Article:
Patient Test Information

Bone Markers

Also known as:

Bone Resorption Markers; Bone Formation Markers; Bone Turnover Tests; N-telopeptide; NTx; C-telopeptide; CTx; Deoxypyridinoline; DPD; Pyridinium Crosslinks; Tartrate-resistant Acid Phosphatase; TRAP; Bone-specific Alkaline Phosphatase; Osteocalcin; P1NP; Procollagen Type 1 N-Terminal Propeptide

Formal name:

Biochemical Markers of Bone Remodeling

Related tests:

Calcium, Phosphorus, Vitamin D, PTH, ALP

Why Get Tested?

To help evaluate and monitor the rate of bone resorption and formation; to monitor some metabolic bone diseases such as osteoporosis; to detect Paget disease

When to Get Tested?

When a bone mineral density scan indicates reduced bone density; before and periodically during treatment for bone loss to evaluate effectiveness, to determine if the rate of loss has decreased or the rate of bone formation has increased

Sample Required?

A blood sample drawn from a vein in your arm or sometimes a urine sample

Test Preparation Needed?

Fasting may be required before testing; samples are typically collected in the morning.

How is it used?

One or more of the bone marker tests may be used to help determine if a person has increased rates of bone turnover (resorption and/or formation). Bone markers are sometimes used as an adjunct to bone density testing (e.g., BMD, DEXA scan) to help evaluate bone loss and detect some bone diseases. They often are used to monitor response to anti-resorptive therapy for bone disease, primarily osteoporosis, and to help a doctor determine if the dose of the drug a person is receiving is effective.

These tests can detect response to anti-resorption or bone formation therapies in a much shorter time period than the X-ray types of bone density testing (three to six months versus one to two years). This way, therapy can be adjusted or altered in a more timely manner if a person is not responding as expected.

The International Osteoporosis Foundation (IOF) and the International Federation for Clinical Chemistry (IFCC) recommend two blood tests for evaluating bone turnover:

  • C-telopeptide (C-terminal telopeptide of type 1 collagen (CTx)) - a marker for bone resorption. It is a peptide fragment from the carboxy terminal end of the protein matrix; used to monitor anti-resorptive therapies, such as bisphosphonates and hormone replacement therapy, in postmenopausal women and people with low bone mass (osteopenia)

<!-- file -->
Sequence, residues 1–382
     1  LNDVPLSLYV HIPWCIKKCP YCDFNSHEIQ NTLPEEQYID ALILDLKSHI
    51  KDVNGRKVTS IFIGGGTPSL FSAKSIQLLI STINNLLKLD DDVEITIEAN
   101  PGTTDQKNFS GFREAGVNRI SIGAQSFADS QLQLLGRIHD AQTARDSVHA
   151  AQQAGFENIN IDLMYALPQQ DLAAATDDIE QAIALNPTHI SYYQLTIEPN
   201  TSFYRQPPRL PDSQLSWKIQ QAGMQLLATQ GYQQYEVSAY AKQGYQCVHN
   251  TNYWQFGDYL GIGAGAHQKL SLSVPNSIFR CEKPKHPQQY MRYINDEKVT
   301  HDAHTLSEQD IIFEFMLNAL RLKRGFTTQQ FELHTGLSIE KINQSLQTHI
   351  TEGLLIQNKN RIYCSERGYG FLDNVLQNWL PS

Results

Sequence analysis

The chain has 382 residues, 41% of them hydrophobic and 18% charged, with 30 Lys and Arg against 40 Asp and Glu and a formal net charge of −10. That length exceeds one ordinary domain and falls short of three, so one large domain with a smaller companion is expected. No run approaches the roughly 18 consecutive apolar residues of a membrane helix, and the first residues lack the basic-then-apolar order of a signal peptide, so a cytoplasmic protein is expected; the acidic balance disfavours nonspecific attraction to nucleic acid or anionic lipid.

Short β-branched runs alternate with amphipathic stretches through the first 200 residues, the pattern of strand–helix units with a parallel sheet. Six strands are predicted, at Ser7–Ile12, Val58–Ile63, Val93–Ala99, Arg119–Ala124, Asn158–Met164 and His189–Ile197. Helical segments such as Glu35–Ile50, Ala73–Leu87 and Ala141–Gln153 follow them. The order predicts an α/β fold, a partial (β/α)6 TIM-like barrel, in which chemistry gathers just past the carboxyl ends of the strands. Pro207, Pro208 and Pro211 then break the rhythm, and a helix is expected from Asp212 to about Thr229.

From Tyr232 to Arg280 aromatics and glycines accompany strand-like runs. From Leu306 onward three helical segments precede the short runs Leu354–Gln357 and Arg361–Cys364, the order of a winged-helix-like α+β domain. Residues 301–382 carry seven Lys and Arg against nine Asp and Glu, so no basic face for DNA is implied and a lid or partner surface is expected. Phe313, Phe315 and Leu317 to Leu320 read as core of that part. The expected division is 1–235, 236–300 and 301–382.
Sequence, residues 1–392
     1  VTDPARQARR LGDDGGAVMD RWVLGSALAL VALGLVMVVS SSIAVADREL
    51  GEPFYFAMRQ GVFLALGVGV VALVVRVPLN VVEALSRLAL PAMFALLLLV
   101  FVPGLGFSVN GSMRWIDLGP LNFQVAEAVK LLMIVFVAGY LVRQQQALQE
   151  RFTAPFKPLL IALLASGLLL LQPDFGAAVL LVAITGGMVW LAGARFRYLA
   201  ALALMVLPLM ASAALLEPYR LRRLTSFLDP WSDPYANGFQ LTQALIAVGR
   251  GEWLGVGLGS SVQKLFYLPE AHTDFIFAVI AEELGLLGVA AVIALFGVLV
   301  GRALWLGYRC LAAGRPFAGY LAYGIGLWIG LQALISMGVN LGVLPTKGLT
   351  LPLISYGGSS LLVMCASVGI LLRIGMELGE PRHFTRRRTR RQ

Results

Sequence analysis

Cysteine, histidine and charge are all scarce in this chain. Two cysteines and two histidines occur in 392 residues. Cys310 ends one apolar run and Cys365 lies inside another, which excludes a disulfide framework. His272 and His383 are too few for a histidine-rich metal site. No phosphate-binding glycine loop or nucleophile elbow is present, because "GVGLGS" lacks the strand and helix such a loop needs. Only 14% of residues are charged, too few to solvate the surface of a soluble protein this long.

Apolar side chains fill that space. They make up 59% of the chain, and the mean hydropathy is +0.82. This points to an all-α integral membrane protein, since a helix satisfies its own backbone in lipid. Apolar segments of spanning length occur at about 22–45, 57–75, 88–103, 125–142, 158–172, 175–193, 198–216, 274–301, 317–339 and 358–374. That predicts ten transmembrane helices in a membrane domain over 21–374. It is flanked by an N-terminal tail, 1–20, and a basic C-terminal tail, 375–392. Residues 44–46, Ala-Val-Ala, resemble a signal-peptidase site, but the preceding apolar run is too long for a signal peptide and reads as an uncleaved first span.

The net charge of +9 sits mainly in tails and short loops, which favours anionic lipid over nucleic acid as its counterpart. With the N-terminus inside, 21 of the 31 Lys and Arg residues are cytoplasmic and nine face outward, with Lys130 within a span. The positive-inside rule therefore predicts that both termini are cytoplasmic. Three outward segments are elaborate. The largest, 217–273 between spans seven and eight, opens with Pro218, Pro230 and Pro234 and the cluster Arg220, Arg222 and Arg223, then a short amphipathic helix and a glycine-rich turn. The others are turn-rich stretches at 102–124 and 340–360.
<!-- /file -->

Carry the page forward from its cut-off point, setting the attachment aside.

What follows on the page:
• P1NP (Procollagen type 1 N-terminal propeptide) - a marker for bone formation. It is formed by osteoblasts; reflects rate of collagen and bone formation; may be ordered along with bone resorption marker such as C or N-telopeptide; most sensitive marker of bone formation and particularly useful for monitoring bone formation therapies and anti-resorptive therapies; it is recommended that the test be performed at baseline before starting osteoporosis therapy and again 3 to 6 months later.

Other urine or blood tests used less commonly for bone resorption include:

  • N-telopeptide (N-terminal telopeptide of type 1 collagen (NTx)) - a peptide fragment from the amino terminal end of the protein matrix; another marker used to monitor therapy.
  • Deoxypyridinoline (DPD) - a collagen breakdown product with a ring structure.
  • Pyridinium Crosslinks - a group of collagen breakdown products that includes DPD; used to monitor therapy response; not as specific for bone collagen as the telopeptides.
  • Tartrate-resistant acid phosphatase (TRAP) is the version of acid phosphatase produced by osteoclasts, the cells that dissolve small amounts of bone, during bone resorption.

Other bone formation blood tests that may sometimes be used include:

  • Bone-specific alkaline phosphatase (ALP) - one of the isoenzymes (types) of ALP; it is associated with osteoblast cell function, the type of cell involved in bone formation. It is thought to have a role in bone mineralization; it is recommended that the test be performed at baseline before starting osteoporosis therapy and again 3 to 6 months later; results may be affected by the level of liver ALP.
  • Osteocalcin (bone gla protein) - a protein formed by osteoblasts; part of the non-collagen portion of the bone structure; some of it also enters the bloodstream; the level of osteocalcin in the blood reflects the rate of bone formation, thus it is a useful indicator of the function of osteoblasts. This test may be affected by use of the drug warfarin (Coumadin®).

When is it ordered?

Testing may be performed along with other tests such as a calcium, vitamin D, thyroid testing, and parathyroid hormone when bone loss is detected during a bone mineral density test (diagnostic imaging) and/or when a person has a history of unexpected bone fracture.